Pigsy changes the entire story.  His taunting, his idle threats, his casual attempts to murder Monkey, and his incessant lusting after Trip create an entirely new set of problems.  He does serve as a foil to make Monkey a sympathetic and justifiable character in comparison, but that's about the only positive function of his addition to the story.  He's a foul old lech who's obsessed with Trip's sexual availability and who therefore increases her vulnerability.  Monkey, of course, will defend Trip as needed...  because of the tangled logic of the story, though, Monkey is now a slave required to perform the white-knight role in defense of his master's virginity.  I, personally, find that pretty distasteful.  So as a plot device I understand the Pigsy's presence and this change in dynamics, but that doesn't make the writers' choice to devise that particular plot any less icky.

In the end, of course, the "three's a crowd" issue resolves with a heroic sacrifice and Our Heroes complete the ultimate boss fight with much fire and fanfare.  (It is, to be fair, a pretty epic giant robot deathmatch, fantastic in scale and lengthy in duration.)  Monkey and Tripitaka finally reach their destination... in the epilogue.  The resolution to this story didn't even merit a chapter number or any playable content, but rather is a cut-scene glued on after the fight.

The big secret, the villain they've been after all this time?  It's Andy Serkis (who also voices Monkey!), and he's playing Mr. House while running the Matrix.  He thinks it's the nice thing to do.  No, really.

And that, ladies and gentlemen, is where Your Critic mumbled her last "aaaaaaaargh" and buried her head in a throw pillow.  It was the last chance for redemption of the narrative -- the last chance for this world, these graphics, and this production quality to live up to its potential -- and the game fell flat on its incoherent, incurious face, as dead as the mech we'd conquered to get here.

I wish the game had either avoided raising questions or could have been bothered to answer some of the ones it left.  Sometimes stories are deliberately mysterious and ambiguous, but there's a difference between not knowing if the top falls over at the end of Inception, and not watching the last 5 minutes of the movie.  This game has missing reels, and it shows.


  1. I agree pretty much 100%. When I wrote about the game myself, I touched on a lot of the same points. 

    I did, however, kind of enjoy the ending - just not as an ending, if you know what I mean. I would have liked to have seen that revelation appear a bit earlier, or perhaps have something playable after it. I can't say it displayed a tremendous amount of logic (like you said, he thinks it's a nice thing to do? Okkkkkk) but it was, at the very least, something. After playing through the entire game without a real antagonist (something I complained about myself) when we finally got to meet the mysterious guy behind all the drama, I wanted to know a bit more. It's a shame we didn't get that chance, but in all honesty I was pretty sick of everyone and everything by that point, so maybe it's for the best.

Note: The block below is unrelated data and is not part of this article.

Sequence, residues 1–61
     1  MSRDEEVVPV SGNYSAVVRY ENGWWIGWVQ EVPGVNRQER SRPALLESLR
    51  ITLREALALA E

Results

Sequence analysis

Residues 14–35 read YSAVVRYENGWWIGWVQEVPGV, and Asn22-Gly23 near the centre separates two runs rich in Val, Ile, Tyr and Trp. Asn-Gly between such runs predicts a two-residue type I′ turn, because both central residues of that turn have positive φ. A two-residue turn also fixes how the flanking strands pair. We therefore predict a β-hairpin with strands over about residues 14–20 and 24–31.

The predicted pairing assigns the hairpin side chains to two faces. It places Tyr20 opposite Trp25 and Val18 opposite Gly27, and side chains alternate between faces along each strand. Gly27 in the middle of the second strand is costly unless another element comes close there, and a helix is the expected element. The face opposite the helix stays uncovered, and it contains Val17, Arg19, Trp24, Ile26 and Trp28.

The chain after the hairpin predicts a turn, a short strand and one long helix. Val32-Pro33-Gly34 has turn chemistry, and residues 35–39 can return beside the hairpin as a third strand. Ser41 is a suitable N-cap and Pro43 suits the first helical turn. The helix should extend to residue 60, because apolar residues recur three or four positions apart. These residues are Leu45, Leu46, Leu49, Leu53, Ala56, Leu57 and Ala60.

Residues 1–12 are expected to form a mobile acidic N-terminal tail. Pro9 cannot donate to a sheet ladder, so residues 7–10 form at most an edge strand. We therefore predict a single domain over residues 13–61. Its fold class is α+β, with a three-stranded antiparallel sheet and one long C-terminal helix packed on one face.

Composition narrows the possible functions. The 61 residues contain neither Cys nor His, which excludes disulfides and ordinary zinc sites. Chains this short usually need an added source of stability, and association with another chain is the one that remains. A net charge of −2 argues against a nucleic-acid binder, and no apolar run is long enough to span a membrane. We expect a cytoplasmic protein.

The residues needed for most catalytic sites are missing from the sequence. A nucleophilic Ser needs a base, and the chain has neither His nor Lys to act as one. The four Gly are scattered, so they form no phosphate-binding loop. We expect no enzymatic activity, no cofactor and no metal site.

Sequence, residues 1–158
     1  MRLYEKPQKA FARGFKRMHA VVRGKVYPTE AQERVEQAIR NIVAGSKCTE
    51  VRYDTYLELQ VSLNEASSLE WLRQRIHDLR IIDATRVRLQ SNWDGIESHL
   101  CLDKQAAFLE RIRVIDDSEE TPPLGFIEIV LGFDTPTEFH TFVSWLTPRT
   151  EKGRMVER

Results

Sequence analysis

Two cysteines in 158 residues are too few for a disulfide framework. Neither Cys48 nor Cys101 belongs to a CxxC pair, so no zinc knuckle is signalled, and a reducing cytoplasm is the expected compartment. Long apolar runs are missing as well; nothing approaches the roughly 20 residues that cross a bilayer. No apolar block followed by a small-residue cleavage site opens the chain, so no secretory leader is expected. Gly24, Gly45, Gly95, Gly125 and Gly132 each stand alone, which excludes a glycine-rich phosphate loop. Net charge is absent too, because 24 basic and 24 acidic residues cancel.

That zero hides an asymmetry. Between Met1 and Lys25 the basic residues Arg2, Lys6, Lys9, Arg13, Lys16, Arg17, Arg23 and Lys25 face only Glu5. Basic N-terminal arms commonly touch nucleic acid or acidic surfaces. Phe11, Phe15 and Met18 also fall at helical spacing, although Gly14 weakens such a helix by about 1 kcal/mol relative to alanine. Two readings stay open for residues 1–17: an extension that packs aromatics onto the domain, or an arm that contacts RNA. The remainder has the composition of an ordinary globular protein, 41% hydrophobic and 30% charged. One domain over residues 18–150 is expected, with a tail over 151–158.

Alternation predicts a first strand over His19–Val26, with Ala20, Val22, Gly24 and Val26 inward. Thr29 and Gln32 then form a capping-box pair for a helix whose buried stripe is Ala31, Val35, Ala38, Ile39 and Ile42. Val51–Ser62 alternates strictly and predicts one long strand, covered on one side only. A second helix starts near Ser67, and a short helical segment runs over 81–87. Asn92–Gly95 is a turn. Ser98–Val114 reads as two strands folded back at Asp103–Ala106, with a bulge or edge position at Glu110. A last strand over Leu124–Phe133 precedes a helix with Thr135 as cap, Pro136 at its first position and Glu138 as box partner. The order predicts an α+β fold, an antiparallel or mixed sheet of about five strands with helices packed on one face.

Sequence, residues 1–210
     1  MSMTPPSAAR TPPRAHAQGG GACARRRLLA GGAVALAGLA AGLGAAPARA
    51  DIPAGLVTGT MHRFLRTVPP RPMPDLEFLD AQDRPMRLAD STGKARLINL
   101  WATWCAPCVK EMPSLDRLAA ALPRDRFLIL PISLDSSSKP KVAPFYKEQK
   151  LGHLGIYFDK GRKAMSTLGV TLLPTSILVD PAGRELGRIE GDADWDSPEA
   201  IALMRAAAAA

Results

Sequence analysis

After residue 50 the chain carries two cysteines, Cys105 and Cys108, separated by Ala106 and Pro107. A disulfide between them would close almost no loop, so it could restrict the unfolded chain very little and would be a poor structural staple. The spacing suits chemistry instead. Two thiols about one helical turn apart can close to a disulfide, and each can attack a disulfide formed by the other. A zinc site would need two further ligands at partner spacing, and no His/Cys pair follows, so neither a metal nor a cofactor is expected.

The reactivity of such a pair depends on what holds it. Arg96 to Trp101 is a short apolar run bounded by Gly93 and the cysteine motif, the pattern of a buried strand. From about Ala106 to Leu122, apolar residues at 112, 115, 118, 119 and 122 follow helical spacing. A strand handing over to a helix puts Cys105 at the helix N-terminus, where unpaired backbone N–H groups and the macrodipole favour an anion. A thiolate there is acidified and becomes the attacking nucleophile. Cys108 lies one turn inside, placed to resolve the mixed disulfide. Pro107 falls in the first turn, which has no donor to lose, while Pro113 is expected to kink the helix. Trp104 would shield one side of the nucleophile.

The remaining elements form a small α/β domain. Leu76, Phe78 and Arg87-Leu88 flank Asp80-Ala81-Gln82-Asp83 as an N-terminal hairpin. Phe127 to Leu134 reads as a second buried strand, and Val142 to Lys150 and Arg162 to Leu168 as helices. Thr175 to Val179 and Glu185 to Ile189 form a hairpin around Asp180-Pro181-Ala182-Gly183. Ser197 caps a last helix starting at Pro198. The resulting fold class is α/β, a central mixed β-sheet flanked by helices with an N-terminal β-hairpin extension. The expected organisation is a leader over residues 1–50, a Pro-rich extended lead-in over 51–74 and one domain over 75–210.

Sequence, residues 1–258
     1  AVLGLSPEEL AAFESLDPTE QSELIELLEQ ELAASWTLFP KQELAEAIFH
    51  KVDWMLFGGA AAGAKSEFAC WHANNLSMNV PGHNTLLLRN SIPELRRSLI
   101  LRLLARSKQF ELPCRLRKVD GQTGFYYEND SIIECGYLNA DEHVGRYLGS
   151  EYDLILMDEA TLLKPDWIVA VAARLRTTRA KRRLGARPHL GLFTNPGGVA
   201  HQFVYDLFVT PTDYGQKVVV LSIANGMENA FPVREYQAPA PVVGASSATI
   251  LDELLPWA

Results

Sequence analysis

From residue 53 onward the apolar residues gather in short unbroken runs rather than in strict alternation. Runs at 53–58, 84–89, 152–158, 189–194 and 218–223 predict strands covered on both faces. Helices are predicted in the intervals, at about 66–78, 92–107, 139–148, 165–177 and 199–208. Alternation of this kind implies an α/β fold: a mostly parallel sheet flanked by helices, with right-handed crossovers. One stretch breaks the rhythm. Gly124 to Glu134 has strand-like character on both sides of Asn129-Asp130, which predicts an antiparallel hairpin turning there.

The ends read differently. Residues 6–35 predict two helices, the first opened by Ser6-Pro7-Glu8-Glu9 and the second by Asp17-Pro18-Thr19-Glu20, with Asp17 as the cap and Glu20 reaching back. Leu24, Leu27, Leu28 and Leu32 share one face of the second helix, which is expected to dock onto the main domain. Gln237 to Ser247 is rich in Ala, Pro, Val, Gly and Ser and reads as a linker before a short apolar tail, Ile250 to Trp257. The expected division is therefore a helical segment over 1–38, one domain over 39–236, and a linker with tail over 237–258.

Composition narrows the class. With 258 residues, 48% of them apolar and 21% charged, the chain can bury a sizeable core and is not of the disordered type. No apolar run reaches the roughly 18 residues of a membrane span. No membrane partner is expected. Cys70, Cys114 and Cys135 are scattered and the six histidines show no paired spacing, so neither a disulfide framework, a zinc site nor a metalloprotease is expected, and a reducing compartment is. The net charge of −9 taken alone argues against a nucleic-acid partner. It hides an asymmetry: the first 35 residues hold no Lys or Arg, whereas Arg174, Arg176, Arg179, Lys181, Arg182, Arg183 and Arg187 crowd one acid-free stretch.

Anyway, this was a great read. Consider yourself bookmarked, as this is the first time I've stumbled upon these pages.


  2. Thanks. :)

    I know what you mean about the ending.  I would have liked it as, say, an Act II revelation.  So here's what's going on -- then what?  The way the game suddenly stops -- with tens of thousands of souls suddenly standing in the desert (with no food, water, electricity, transportation, useful shelter, plans, or destination) is so far beyond short-sighted as to be laughable.  It's where I gave up on feeling that perhaps Enslaved was deliberately lampshading and questioning its weaknesses, and became assured that no, really, it just can't handle long-term thinking.

  3. Can't say it isn't a fair assessment, it's a flawed game that I found myself liking in spite of itself, and to some degree, out of affection for the source material (I liked the bo staff, I loved the underused cloud), loosely interpreted as it is. Because of that familiarity, lecherous Pigsy actually never read as a threat, (also because of my personal gaze, but past portrayals influenced me in this case) because he's always doomed to fail. But the game was meant as an introduction to the story, so that it didn't fail for me is me bringing in my own baggage/rationalization. I have to wonder sketchy as it is, if some small scenes were just changed to read differently--if Trip weren't introduced to Monkey after the crash clutching her legs and had a properly wary but competent posture, for example, it couldn't have been vastly improved. I think it's a fair guess by their design that the game creators cared more/had more fun with Monkey and Pigsy than Trip.

    I think I said elsewhere that I read more (maybe decided to take more) from the body language of the characters, but also, I likened it to the genre of small sci-fi stories, where the world is interesting but not revealed, and the folks is more intimate so that the lesson isn't much more than you can't protect people from danger (It's been a while, but if anything, it wasn't much more than that) but more of the whys and wherefores wasn't revealed didn't bother me. It's supposed to be too distant to figure out. Alas, Enslaved's weak central couple, admittedly,
    snuffs everything else out. But Farenheit 451 is a pretty small story, too, with a barely sketched world and stiff people, and Dark City doesn't use but broad strokes for its reasons of why. Inception was a great ride, but you'd be hard pressed to convince me the women in it as written are characters at all, and that world can be unconvincing as well, if you take Nolan at his world. Beyond the visual palette, and the motion acting, Enslaved had small gestures at a different sort of game rhythm (like the butterfly sequence), that just add up to the little platformer that tried for me.